By on February 11, 2015

Subpime Lending MS Powerpoint Style

Though subprime auto lending is growing, lenders believe a new credit bubble isn’t on the horizon as it was in the runup to the Great Recession.

Bloomberg reports 20 percent of all auto-loan originations are in the subprime category, compared to the peak of 30 percent prior to the financial collapse seven years ago. Originations climbed to $97.2 billion in 2014, compared to $86.7 billion in 2013 and $41.3 billion in 2008. Of those, $30 billion to $40 billion subprime loans were packaged into asset-backed securities; $203 billion of those loans are outstanding.

That said, Wells Fargo securities managing director Chris Pink claims those figures aren’t a sign that “the ABS market is driving a resurgence of subprime.” Ford director of long-term funding and securitization Sam Smith adds those securities differ from the ones in the mortgage industry, stating that auto lenders aren’t “originating contracts just so [they] can securitize them.”

The move to temper those concerns comes as the U.S. Justice Department began investigating the market for subprime securities, with a focus on preventing a repeat of the housing bubble that led to the Great Recession.

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33 Comments on “Lenders: Subprime Auto Lending Increase Not A New Bubble...”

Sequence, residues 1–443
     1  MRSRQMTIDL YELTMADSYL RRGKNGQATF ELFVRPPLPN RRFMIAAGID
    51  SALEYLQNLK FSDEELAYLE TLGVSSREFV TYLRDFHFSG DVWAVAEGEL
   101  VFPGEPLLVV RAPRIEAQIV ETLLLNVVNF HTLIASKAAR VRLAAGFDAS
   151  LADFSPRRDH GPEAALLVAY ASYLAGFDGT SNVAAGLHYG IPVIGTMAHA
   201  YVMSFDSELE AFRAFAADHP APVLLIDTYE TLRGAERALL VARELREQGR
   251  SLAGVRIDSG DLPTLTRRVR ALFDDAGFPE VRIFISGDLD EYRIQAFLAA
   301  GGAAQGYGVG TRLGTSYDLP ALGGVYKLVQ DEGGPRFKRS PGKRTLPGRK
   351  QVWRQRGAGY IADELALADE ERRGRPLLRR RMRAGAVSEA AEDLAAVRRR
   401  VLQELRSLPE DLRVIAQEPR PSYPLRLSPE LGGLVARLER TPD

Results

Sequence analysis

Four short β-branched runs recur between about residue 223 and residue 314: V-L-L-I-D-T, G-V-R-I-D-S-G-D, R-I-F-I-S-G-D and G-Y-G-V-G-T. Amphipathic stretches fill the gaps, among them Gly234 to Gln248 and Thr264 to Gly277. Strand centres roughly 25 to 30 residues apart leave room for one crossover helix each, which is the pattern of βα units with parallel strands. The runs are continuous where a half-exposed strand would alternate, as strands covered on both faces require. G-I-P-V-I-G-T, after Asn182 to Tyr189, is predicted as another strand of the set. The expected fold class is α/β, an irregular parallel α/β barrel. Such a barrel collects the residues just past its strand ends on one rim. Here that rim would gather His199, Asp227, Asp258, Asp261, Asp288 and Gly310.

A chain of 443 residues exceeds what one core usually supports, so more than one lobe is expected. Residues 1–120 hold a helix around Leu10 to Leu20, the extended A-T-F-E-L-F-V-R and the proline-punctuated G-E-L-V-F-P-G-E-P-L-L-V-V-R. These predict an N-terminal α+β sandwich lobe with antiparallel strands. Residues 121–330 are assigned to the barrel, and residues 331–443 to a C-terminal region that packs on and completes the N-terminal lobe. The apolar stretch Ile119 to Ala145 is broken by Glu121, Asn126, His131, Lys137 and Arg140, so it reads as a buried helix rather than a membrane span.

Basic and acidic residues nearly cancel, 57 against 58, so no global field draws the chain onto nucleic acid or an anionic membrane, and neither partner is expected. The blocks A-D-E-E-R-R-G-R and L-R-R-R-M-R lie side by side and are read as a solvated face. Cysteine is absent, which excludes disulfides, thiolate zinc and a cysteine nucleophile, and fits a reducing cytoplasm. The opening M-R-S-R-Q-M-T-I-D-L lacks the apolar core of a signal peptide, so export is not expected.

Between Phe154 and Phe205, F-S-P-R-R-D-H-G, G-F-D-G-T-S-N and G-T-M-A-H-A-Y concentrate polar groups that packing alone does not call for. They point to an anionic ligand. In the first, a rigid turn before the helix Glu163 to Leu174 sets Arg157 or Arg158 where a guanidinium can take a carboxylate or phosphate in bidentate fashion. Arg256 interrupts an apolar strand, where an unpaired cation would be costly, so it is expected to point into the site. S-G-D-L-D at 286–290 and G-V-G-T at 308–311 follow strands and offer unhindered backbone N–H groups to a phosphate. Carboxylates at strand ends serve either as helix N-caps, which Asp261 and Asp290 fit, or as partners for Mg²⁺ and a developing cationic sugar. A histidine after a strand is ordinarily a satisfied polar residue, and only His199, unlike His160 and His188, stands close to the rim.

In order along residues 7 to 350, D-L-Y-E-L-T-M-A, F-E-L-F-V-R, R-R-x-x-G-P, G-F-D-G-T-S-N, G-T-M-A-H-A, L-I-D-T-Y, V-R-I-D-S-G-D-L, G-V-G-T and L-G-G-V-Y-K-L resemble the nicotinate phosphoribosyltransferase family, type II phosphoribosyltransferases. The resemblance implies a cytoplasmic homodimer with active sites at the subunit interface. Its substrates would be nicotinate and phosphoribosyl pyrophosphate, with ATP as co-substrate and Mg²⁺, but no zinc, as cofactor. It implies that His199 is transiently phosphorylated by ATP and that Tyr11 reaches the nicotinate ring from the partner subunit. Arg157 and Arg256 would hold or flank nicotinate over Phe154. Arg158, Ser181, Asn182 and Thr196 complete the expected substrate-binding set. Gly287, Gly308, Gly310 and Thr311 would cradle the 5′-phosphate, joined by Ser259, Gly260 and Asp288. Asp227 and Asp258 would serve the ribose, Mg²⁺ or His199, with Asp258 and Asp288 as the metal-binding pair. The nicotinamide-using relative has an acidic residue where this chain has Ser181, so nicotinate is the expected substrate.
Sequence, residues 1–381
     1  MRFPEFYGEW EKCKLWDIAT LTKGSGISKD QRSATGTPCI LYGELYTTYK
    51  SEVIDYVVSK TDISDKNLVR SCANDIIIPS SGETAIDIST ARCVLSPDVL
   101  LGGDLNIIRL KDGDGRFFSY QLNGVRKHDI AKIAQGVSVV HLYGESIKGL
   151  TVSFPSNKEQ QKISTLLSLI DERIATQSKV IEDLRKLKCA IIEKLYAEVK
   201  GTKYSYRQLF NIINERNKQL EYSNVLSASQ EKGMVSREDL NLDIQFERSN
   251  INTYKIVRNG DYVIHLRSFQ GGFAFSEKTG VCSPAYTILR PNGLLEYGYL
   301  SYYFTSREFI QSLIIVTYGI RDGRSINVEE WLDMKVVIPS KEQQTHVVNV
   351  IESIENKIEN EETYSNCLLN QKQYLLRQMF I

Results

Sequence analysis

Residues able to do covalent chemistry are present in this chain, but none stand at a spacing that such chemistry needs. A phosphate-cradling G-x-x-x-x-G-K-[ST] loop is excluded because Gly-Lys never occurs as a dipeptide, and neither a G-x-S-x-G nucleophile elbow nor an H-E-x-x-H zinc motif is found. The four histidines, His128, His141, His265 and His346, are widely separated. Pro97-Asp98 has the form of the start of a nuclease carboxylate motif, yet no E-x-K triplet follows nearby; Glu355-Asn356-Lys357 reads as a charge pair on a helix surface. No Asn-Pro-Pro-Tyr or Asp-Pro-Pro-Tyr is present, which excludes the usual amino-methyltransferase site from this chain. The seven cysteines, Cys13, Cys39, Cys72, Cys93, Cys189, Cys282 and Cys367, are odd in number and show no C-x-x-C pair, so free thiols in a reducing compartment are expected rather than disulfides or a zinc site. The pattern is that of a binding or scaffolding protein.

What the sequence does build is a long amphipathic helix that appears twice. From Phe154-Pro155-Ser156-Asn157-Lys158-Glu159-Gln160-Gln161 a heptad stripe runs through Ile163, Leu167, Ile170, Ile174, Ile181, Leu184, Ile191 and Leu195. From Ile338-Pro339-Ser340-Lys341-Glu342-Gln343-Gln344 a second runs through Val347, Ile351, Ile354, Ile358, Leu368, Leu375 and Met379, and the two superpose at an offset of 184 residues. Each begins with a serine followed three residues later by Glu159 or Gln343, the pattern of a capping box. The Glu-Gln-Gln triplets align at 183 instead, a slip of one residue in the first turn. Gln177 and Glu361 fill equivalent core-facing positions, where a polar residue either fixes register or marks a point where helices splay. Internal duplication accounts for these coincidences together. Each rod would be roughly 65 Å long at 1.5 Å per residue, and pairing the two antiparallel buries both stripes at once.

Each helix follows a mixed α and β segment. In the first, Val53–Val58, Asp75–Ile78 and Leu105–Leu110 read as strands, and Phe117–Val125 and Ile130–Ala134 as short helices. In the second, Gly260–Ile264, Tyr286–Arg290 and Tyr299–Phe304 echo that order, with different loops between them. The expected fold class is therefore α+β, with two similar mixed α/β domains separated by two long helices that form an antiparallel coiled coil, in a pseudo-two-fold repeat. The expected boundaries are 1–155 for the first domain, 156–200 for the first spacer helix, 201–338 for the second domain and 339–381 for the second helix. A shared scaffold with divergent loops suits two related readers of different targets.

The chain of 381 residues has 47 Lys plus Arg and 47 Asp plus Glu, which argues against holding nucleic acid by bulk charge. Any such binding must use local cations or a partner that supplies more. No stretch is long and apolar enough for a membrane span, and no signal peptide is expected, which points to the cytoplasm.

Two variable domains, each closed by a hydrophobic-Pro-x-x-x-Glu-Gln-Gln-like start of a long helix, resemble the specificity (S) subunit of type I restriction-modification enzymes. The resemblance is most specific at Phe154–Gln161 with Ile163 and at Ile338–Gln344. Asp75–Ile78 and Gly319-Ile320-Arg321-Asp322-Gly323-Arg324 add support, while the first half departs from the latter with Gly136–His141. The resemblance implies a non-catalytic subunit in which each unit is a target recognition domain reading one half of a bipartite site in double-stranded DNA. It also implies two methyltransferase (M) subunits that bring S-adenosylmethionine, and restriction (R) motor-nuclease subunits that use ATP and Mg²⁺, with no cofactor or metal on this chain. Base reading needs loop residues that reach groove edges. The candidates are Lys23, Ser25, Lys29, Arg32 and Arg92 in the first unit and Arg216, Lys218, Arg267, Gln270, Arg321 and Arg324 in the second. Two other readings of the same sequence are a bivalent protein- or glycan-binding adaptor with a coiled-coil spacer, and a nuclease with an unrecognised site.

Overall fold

• avatar

    Lenders: “Let’s lend money to deadbeats it looks good on paper”



    Justice Dept: “We’ll bail you out just don’t do it again”

    Lenders: “Ok, we won’t”

    Lenders: “Let’s lend money to deadbeats it looks good on paper”


  • avatar

    So….subprime auto loans can’t go bad, if the loans aren’t made for the purpose of securitizing them, even though auto manufacturers ARE securitizing them?

    Sam Smith has saved the world. Just don’t think about securitizing the uncollectible receivable and it won’t be uncollectible! Pure unfettered American corporate genius! These aren’t the droids we’re looking for. Move along.

  • avatar

    The percentage of subprime loans is not the sole determining factor of “bubbleness.”

    A healthy economy will contain some number of subprime loans. The economy may even be able to adequately support a large number of them–if other factors permit subprime borrowers to pay. Obviously, the economy is cyclical, and so the percentage number of such loans that is safe will change. If long term indicators are all rising, then more subprime loans may not be that bad. However, when those indicators plateau or drop, and there is not a corresponding drop in such loans, then I’d be much more worried about a collapse.

    Obviously, you can’t take the lenders’ word for it. And without knowing the other factors that go into determining a healthy rate, it’s not possible to make good judgment. But if lenders start chasing profits again instead of operating sound, sustainable practices, yes, things are definitely bound to get out of control.

    • 0 avatar